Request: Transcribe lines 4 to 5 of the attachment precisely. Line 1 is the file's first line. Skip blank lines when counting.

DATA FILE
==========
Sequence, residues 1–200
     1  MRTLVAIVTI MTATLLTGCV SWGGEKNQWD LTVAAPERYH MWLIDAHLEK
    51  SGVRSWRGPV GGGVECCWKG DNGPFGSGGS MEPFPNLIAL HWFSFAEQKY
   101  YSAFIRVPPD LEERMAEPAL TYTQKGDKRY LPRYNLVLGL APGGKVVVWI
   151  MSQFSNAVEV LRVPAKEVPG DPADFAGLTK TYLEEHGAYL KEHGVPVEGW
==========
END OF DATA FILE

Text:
   101  YSAFIRVPPD LEERMAEPAL TYTQKGDKRY LPRYNLVLGL APGGKVVVWI
   151  MSQFSNAVEV LRVPAKEVPG DPADFAGLTK TYLEEHGAYL KEHGVPVEGW